The Path
The Path

Whatever I had been doing was serving me. Robert Adams has said “Every desire every urge is a search for the Self.  But we’re misdirected”.  I’d agree as it seems my path has turned out to be one of reorientation.  Finding my way now to a point that must be reconciled with myself.  – Tim Howell

 

click here or on their name to read their personal accounts:

http://mysticmissal.org/blog/?cat=192

Ennui

Ennui  by  Ike Harijanto

 

It is not blind

for it has no eyes.

A glob blubbery blob, marshmallowy,

yellow, bloated Ennui

blows thick smoke from a hookah drooping

off its thick puckering lips.

 

For Life and Love it’s an ogre so hungry.

Beware of its smoke for it can swallow

whole and drag low,

then all motions drags a clunky

laborious chain of “Why?”

 

Marshmallow Ennui imperceptibly

turns into sticky molasses Depression quickly.

It’s not a morphing; it’s a giving of way,

for Depression is a desperate try

against falling so deeply asleep that is Ennui.

 

It drags you into a gray-brown bog,

Blowing its drowsy fog.

I fall asleep without knowing it,

thinking I’m awake, thinking I’m aware.

 

553830_439267869427405_548650054_n

Ennui is a know-it-all thinking, “I know too much.”

Ennui is an armchair traveller claiming, “Been there, done that.”

Ennui is jadedness yawning, “Meh,

seen everything already.”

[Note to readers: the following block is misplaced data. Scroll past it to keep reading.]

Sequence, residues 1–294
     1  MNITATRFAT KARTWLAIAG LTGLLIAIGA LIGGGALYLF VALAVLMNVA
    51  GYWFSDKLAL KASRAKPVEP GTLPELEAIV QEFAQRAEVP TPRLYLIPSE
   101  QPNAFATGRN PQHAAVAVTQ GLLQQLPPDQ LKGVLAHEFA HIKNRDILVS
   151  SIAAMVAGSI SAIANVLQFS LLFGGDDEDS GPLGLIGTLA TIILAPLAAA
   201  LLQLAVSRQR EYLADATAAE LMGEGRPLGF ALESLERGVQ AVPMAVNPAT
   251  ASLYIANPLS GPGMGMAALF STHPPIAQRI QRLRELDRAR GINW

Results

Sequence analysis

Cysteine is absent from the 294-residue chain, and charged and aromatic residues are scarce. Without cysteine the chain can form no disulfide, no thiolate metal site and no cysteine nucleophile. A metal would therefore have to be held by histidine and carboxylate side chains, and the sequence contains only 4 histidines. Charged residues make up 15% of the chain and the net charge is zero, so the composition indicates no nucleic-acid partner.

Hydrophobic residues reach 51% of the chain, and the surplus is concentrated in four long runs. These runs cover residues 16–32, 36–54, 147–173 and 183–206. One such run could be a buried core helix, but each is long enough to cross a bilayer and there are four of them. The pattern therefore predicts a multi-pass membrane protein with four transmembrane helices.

Familiarity turns into a malady.

But don’t waste your life feeling guilty,

For it’s not you

who says, “All is done; nothing to do.”

It’s Ennui!

 

How did I fall asleep? I don’t know;

Didn’t catch myself nodding.

In this thick heavy fog, God of Light, please show

Just a needle of Your Light piercing.

From this aggressive vortex pull of Sleep,

that seducer,

I want out, I want to wake!

 

Henri in ennui, again

What are you, Ennui?

A resistance born of negativity,

a lack of meaning of life, or merely,

a superfluous entity?

What an irritating allergy

sapping energy,

this chronic, addictive serving of me.

Why are you here? What are you trying to tell me?

More importantly, how do I

widely open my eye?

 

Ennui

Thrill is not its remedy,

for Ennui’s not a hole

for the Muse to fill with lively creativity.

Maybe it’s a bothersome additional

to simply shoo, shoo.

 

Can’t reason with that entity.

Need I take it so seriously?

Ennui, ennui, go away

Come back another…

Well actually, don’t bother!

 

– Ike Harijanto

 

* The hookah is a reference to a poem by Charles Baudelaire entitled “To the Reader” in his Flowers of Evil

Henri in ennui
Henri in ennui

The cat is Henri, guru of ennui, found on youtube : http://youtu.be/Q34z5dCmC4M and FaceBook: https://www.facebook.com/henrilechatnoir